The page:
I had previously acquired the proper gear for Shad Fly Fishing prior to my earlier Fly Fishing adventures therefore, I had all the necessary equipment and some flies tied up on deck ready to go. I used my St. Croix 7WT Bankrobber Streamer Rod strung up with Rio Sink Tip line and a 8LB test Bass tippet material. As for a fly, I used something called Al’s Shad Fly #4. This consists of a size four or six hook, dumbbell eyes, yellow hackle, yellow hackle tail, yellow yarn and silver tinsel. I also tried out some others but this seemed to get the most attention.
Where to Look
Using the Fly Rod puts you at a slight disadvantage to a spin fisherman when seeking Shad. On the Delaware, through Warren County, where I typically fish for Smallmouth in the summer there are no major dams for the Shad to “stack up” like they do in Deer Creek, Maryland. Therefore, you must seek out pools downstream of major runs or those created by tributaries. Swinging the fly into slower water pools on the side of fast water or before a major obstacle in the river should yield results.
Shad are an anadromous species of fish native to the east cost of the United States. In decline for most of the previous century, due to improvements in water quality, driven largely by a decrease in farming and industrial activity combined with the installation of fish ladders in the northeast United States, the Shad now return each year to their home rivers.
Long before the arrival of the British Colonists to North America Shad were important to the Native American Indians. After a long hard winter, the Shad returning to the rivers signaled the beginning of spring. The Indians built fish weirs across rivers in order to capture the Shad for food. In some places, remnants of these structures can be seen. The Shad were even a major source of food for the Continental Army in the Valley Forge area. So important were Shad that the story is told that the British ran a large seine net across the Schuylkill river to prevent the Shad from replenishing George Washington’s army.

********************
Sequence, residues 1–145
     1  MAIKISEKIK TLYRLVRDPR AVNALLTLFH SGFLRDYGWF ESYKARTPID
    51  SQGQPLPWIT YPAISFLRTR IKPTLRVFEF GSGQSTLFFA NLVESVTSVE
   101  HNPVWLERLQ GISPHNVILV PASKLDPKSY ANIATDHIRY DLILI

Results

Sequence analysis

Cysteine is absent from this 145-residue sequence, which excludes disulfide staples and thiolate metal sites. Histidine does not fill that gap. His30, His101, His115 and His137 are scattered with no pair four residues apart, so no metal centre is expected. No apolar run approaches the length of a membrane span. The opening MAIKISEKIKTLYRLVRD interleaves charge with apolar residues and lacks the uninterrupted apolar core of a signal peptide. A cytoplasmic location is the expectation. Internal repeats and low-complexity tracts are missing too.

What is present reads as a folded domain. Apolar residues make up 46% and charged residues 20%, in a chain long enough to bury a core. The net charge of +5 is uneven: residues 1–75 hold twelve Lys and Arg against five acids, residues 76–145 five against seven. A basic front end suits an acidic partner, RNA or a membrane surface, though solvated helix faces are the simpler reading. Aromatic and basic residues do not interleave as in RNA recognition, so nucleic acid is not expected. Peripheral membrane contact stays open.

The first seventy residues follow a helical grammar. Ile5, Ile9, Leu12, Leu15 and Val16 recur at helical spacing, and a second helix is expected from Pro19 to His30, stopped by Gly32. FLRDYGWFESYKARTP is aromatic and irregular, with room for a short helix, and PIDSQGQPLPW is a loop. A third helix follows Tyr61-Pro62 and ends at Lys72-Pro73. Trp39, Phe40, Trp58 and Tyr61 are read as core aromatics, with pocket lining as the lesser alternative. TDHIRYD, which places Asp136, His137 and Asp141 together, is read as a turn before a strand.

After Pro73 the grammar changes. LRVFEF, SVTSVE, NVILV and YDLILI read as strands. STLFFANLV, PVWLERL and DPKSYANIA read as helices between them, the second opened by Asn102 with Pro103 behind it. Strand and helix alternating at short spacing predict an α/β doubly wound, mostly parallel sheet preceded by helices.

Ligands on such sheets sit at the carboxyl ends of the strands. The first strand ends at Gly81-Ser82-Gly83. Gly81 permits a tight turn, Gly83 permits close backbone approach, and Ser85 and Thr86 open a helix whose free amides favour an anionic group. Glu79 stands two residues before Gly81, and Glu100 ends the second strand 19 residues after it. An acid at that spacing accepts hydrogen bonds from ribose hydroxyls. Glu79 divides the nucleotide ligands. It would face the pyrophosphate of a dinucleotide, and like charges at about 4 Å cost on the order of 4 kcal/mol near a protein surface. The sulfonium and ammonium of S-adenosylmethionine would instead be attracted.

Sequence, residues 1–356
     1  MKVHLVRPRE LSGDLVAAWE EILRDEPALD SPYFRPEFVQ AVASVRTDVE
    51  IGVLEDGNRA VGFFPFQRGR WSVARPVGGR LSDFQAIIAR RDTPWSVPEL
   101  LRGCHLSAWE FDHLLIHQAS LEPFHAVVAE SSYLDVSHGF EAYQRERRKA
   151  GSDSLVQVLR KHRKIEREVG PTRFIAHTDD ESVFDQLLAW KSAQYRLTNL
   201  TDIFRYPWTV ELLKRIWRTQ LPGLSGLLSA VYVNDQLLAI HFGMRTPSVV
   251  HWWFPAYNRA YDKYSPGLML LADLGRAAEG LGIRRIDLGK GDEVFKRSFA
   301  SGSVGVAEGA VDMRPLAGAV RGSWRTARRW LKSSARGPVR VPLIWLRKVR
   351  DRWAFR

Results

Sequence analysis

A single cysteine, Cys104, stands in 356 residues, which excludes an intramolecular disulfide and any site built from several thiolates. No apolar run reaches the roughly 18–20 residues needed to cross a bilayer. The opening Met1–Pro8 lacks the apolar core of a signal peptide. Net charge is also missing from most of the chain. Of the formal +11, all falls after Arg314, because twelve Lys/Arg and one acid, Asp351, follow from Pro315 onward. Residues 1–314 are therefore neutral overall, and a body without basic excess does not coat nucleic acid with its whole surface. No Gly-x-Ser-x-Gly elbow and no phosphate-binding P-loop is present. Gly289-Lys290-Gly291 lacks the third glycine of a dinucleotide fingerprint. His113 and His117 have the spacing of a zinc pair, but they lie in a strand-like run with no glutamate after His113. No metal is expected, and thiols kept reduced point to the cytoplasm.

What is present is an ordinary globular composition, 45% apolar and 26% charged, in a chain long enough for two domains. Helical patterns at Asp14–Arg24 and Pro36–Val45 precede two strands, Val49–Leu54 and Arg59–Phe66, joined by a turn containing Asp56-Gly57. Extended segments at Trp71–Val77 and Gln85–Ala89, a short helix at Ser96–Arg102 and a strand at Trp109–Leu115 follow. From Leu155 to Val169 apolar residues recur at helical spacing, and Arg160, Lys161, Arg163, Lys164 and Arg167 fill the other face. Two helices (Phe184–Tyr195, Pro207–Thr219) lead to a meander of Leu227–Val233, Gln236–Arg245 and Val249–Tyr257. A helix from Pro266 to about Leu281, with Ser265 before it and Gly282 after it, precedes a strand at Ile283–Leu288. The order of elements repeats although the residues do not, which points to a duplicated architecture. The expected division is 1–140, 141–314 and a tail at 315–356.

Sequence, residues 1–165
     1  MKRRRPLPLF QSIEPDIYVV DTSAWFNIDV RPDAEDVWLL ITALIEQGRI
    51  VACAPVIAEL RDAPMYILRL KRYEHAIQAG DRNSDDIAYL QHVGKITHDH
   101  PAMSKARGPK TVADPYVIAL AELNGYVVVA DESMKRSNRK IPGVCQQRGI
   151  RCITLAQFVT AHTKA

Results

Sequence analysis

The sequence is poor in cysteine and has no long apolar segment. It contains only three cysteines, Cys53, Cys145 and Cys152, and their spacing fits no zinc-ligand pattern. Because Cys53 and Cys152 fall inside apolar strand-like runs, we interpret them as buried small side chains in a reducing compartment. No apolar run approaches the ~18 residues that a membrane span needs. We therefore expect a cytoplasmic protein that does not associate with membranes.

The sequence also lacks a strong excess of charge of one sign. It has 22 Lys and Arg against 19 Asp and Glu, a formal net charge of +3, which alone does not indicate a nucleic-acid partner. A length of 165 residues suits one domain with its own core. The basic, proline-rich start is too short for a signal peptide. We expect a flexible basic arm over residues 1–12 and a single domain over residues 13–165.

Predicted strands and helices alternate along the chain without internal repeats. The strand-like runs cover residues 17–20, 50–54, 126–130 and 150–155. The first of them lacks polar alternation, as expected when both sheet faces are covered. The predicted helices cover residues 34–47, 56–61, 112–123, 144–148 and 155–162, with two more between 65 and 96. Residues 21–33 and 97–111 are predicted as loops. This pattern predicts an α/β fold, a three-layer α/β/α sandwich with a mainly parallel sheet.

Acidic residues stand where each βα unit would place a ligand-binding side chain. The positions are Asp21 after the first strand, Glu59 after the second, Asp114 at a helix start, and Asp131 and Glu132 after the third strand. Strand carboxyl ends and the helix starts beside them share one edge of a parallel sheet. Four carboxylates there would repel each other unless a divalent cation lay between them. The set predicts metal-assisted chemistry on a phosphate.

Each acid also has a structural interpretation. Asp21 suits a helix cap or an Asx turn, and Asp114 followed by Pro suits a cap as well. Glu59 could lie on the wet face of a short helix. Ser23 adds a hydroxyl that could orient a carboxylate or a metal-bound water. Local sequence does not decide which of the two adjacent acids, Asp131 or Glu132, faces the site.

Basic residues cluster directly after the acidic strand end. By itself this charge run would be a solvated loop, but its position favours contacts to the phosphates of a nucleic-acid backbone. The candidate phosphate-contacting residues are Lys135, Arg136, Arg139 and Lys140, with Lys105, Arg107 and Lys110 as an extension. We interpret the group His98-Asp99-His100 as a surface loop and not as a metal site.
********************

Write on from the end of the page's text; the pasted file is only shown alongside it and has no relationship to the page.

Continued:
Originally prized for their easy usage as an abundant food source and valued for the roe, Shad have morphed into a popular early spring sport fish. They can be obtained on a spin rod using brightly colored shad darts and properly weighted spoons. With the growing popularity of Fly Fishing anglers have figured out how capture the Shad on a fly. Sink tip line and brightly colored weighted flies tend to do the trick.
As an anadromous fish, similar to Salmon, Shad use certain indicators to enter the river. You will only find Shad in the river when the water temperature rises above 39 degrees; their peak movement into the mouth of the river corresponds with a temperature of 55 degrees. Peak movement for sport angling occurs between 62 and 71 degrees. There are various fishing reports available based on fish ladder data in the area that you will be fishing.
Shad will stack up at slack points in the river before a more challenging obstacle in the river. The best example is a pool or river mouth in front of a dam or fish ladder. They also congregate at the head or tail of deep pools, as they mill around you can attract their attention with the flash of a spoon. Other places to consider is mid river boulders and islands, the Shad will stack up in the slack water. The water temperature will determine their progress up the river.
If you have a moment in the next few weeks, you should step out and wet a line after some Shad. They put up quite a fight and often reward you with some aerial maneuvers.